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Saturday, December 30, 2006

Richard Fernandez, of Belmont Club/Pajamas Media, suggests:
I truly believe that ‘it is possible that in the long run the global public will come to rely on fellow Internet users to learn about the world more than it will from professional journalists.
I mostly followed the 2006 elections with PJM, and get most of my news from Instapundit, PJM and IMAO. I'm not sure if this is the wisest course (though IMAO, at least, is trustworthy). But I have found that when I'm talking to people in the office or at the local cafés, no one ever seems to be talking about anything I'm not familiar with.

Let's face it: Very few people have time to read the whole newspaper everyday. Most people, if they read a paper at all, skim their favorite section and the front page. When I was a religious newspaper reader, I read the front page, editorial page and comics, and not in that order. Most people I knew considered me informed then, too. The bottom line is that newspapers are still bound by a standard of publishing what's news according to a certain mindset about what a proper and respectable paper ought cover.

The typical blogger is not a newspaper editor. He or she highlights things of personal interest after skimming preferred corners of the internet the same way the traditional newspaper reader skimmed a few preferred sections. But the internet's big enough that there's a lot to be gleaned. If you find four or five bloggers with a mindset similar to yours, you get the equivalent of a newspaper with the sections you don't care about pulled out. Only there's a lot more depth within the areas you do care about, both because of the special perspectives and because of all those links waiting to be clicked.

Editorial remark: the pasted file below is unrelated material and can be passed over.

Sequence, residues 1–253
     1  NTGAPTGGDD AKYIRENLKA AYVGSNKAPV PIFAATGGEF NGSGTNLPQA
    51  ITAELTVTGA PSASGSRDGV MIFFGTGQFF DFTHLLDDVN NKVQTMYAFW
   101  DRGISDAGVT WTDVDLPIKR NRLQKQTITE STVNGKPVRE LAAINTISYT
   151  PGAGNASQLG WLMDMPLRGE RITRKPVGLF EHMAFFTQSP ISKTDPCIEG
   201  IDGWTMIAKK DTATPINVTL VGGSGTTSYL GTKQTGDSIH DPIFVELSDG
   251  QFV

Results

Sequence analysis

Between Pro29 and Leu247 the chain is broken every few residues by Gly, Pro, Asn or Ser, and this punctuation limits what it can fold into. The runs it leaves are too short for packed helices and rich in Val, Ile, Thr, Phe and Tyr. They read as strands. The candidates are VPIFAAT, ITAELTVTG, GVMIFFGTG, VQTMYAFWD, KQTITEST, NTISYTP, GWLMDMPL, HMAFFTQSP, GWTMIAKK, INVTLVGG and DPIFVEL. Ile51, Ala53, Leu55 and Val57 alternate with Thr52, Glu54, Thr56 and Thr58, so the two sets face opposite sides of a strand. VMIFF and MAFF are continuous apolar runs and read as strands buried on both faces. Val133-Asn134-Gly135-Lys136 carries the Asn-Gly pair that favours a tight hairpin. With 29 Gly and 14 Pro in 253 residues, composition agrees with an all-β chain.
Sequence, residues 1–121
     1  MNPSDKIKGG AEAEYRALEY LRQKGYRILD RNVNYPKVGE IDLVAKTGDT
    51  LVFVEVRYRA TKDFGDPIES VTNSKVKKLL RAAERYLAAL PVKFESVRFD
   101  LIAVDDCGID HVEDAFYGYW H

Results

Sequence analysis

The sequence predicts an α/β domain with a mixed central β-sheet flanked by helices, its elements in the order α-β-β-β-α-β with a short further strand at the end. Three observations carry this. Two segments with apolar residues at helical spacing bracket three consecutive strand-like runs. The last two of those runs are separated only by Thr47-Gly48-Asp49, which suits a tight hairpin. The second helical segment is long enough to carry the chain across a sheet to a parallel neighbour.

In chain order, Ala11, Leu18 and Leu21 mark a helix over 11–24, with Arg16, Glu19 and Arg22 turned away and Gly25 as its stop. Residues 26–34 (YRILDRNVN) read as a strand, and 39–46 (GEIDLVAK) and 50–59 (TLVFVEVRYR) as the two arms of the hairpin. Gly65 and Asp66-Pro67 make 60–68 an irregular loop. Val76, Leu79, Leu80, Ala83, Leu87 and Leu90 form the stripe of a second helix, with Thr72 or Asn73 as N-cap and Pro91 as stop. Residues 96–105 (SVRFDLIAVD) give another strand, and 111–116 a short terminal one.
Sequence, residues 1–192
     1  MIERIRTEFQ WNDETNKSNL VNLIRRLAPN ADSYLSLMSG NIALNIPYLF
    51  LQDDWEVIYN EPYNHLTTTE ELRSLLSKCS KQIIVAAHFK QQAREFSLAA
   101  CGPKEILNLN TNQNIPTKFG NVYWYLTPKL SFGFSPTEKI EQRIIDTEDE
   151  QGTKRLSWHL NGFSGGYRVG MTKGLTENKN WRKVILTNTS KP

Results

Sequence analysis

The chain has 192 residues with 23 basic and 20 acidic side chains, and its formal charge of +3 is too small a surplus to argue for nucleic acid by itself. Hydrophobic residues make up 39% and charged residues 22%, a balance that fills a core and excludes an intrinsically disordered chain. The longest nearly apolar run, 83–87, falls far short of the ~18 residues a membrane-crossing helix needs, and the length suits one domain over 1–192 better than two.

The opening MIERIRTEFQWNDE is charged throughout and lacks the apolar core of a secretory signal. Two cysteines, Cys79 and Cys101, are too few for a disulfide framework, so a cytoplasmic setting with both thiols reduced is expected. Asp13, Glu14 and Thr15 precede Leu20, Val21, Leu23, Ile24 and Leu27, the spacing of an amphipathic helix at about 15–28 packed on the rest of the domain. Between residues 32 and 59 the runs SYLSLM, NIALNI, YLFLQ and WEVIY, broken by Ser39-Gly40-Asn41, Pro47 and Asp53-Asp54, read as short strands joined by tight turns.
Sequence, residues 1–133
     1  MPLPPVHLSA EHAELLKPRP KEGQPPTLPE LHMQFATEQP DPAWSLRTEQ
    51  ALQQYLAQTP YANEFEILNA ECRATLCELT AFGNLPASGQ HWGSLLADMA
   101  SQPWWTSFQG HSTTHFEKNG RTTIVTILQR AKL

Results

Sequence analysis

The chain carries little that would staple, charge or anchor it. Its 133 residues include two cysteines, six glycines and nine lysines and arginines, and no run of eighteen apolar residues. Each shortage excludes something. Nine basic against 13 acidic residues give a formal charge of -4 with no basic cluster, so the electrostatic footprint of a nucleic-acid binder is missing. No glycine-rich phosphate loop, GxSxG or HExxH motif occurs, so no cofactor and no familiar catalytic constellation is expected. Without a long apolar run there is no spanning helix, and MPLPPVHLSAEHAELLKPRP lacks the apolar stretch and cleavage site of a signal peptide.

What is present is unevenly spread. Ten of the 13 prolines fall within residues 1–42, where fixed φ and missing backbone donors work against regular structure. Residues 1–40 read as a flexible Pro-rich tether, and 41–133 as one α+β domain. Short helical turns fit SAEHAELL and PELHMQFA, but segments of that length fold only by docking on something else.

There are some, of course, who worry that shrinking newspaper circulation or the reading of blogs that one likes/agrees with will lead to a fragmented culture without a common knowledge base. One wonders what planet they were living on before the internet. In my experience, pre-internet people read the stuff in the paper they cared about and skipped the rest. With the internet, they might be doing the same thing but they're able to pretty readily get a lot more information about the things they are interested in.

I like the internet, because I can set myself up with a half-dozen or dozen or even two dozen "newspapers" - only since they're bloggers, not reporters whose byline I might or might not recognize, I can get a feel for who they are, who I trust and who I find interesting at times but a little over the top at others.

With the Duke Lacrosse rape case, almost everything I've read has been from KC Johnson and Tom Maguire. That's not to say that I haven't seen the papers. They've quoted them plenty. But my newspaper editors are people who cover stories because they care about them, not because someone in J-school or the marketing department told them they should.

I'm not sure about Fernandez' idea if it means that the information will be gathered or assembled by fellow internet users. But if it means using fellow internet users as editors to decide which stories to read, I'm already there.

One question this leads to is what the revenue model should be for newspapers working online. It used to be that I checked the Washington Post and even the evil New York Times from time to time. I still read their stories, but now it's when fellow bloggers refer them. In this situation, if you want ad revenue, the key isn't building the Washington Post brand per se, but getting your reporters and editors to post the kind of stories bloggers will link and quote. And, in the long run, whatever they teach in J-school, if you want your online offerings to matter they're going to have to be either the kinds of items that either bloggers or portals like AOL choose to link, because if they aren't linked, there's no point in putting them up.

posted by gbarto at 11:43 PM  

A question about Nifong that I'm sure others have already asked...

If he pulled this stunt with the lacrosse team members, who else has been sent up with potentially exculpatory evidence withheld? If Nifong is so casual in dismissing minor mix-ups like violation of line-up procedures, failure to follow rules of fair play, side agreements to circumvent the release to evidence conflicting with his story line for a case, and if he seems not to realize he's done something wrong in this case, how much trust can one put in his past prosecutions?